When do the rules and theories of contemporary workplace design not apply? In the case of Woods Bagot’s new Melbourne headquarters, project lead Bruno Mendes threw the rule book out and picked up a cookbook instead.
January 16th, 2018
Perhaps one of the stiffest challenges an architect will face during their career is designing their own studio. “There really is nothing harder,” confirms Bruno Mendes, Melbourne based principal with Woods Bagot (WB).
In taking up the mantle of project lead on WB’s new, in-house designed Melbourne studio, Mendes had some clear terms: “I said, ‘If I do this, you’ll leave me alone and I’ll do it’.”
The project would be designed and built over a tight period of two and half months, and the studio’s staff of 100+ were to be brought in at three vital points during the process: at briefing, which involved a studio-wide survey, and for the presentation of those survey findings (return briefing). On receipt of the keys, “I brought the entire studio over to see the [raw] space, and then they didn’t see it until it was completed,” says Mendes.
Mendes’ staff survey threw up lots of interesting results – key terms that ranged from ‘boring’ to ‘woeful’ to ‘exciting’. “The one that worried me most was ‘non-collaborative’,” says Mendes. In presenting his findings back to his team, the call for a variety of collaborative spaces formed a major part of the brief.
Mendes makes no bones about the fact that he isn’t a workplace architect. “There’s a lot of theory and terminology that’s been developed around workplace [design]. Frankly speaking, I didn’t buy into any of it. To create our new space it was always going to be focused on the team, worked along with a clear architectural vision around materiality and craft. It wasn’t a workplace vision we were creating, more a vision for our new studio.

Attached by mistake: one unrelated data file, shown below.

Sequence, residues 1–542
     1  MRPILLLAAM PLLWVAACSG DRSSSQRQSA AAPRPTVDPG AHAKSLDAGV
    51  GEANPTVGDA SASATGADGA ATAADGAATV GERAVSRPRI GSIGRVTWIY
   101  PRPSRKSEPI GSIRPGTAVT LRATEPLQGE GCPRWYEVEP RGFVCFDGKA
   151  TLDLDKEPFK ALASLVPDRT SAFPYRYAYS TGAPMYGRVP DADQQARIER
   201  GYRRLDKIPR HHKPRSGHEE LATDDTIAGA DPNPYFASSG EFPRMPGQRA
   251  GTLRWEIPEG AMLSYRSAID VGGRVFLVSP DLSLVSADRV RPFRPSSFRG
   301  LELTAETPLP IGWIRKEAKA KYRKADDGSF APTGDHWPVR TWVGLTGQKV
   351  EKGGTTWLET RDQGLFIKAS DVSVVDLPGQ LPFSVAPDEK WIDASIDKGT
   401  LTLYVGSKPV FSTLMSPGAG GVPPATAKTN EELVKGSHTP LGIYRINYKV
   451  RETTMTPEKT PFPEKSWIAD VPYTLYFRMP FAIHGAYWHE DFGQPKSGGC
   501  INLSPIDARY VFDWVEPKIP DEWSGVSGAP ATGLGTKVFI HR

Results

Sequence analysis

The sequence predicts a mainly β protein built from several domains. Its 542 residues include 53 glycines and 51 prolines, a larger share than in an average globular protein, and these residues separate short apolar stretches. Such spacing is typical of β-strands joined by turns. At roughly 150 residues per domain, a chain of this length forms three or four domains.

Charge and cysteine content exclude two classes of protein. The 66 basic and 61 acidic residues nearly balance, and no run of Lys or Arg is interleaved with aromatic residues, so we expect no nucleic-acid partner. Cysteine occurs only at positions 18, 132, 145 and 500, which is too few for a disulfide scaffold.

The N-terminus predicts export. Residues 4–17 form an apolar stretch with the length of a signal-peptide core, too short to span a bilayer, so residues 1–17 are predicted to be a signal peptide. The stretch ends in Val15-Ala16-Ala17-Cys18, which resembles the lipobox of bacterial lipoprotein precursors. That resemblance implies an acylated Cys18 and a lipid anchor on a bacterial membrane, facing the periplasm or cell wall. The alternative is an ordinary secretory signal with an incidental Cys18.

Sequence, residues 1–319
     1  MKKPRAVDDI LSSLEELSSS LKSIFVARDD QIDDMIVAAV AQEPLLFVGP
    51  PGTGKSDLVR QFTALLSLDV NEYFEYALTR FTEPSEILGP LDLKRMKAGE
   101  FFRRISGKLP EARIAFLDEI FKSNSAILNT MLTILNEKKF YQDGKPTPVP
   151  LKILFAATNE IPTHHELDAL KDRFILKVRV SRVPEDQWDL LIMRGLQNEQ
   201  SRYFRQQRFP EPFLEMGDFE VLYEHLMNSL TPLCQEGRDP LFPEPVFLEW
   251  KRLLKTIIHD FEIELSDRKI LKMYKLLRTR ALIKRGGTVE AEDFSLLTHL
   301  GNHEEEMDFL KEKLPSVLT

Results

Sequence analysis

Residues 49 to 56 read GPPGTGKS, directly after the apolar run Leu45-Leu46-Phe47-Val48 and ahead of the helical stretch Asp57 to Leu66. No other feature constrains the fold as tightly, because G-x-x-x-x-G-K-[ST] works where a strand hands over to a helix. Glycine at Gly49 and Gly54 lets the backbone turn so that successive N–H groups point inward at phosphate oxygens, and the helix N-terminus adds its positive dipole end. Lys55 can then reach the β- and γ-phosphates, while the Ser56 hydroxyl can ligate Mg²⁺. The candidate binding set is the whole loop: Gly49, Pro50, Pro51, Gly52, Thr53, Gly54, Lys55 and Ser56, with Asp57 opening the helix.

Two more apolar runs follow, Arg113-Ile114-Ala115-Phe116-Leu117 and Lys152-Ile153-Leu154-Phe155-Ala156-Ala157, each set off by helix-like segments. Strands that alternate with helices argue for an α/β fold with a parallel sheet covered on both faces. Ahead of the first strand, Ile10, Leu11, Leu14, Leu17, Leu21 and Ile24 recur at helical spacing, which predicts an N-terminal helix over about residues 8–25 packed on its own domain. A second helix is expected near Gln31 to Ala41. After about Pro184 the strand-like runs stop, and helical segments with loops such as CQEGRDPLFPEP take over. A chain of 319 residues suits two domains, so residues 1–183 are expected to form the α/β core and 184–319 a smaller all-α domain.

The idea of craft is extremely important, especially when dealing with timber and steel. The studio is very much an extension of the lessons learnt from building my own house ‘Law Street’ – an experiment in crafting steel and timber.
“In our old premises, we lacked a variety of sufficient collaboration areas. We had an insufficient number of meeting rooms and as a result most of our meetings were at our desks.” When it came to the new tenancy: “The bones were good, but spread over two floors,” notes Mendes. “We needed to immediately connect the two floors and break down the ‘us and them’ mentality. It called for a significant gesture.”
That gesture was inspired, in part, by “one of the cheapest you’ll buy online!” says Mendes. The Family Meal by Ferran Adria from El Bulli is filled with the recipes of the dishes eaten by the El Bulli team at staff mealtime. Perhaps what struck Mendes most about this cookbook was its spirit of sharing.
“It reveals the importance of that time in the day when they sit down, collaborate and share new ideas over food and wine – it’s that idea of breaking bread together.”
For Woods Bagot too, the most creative moments happen when they get away from their desks. The central auditorium is Mendes’ ode to that idea of ‘family time’. Connecting the upper staff area with the entry level reception, it hosts presentations, get-togethers – even karaoke sessions – among staff. More recently it has gained the attention of external parties who come in to host their sharing sessions here as well.
“It was one of the most crucial moves,” says Mendes. “Everything else just flowed from that.” As Mendes points out, the forum may appear as architectural expression, but really it’s a “framework to allow that collaboration to happen.”
This project was entered in the 2017 INDE.Awards. Enter the INDE’s now and be part of the Asia Pacific’s biggest design award program.
Want to know what’s specified? Read the Dissections for Woods Bagot Melbourne. This project originally appeared in issue #66 of Indesign.
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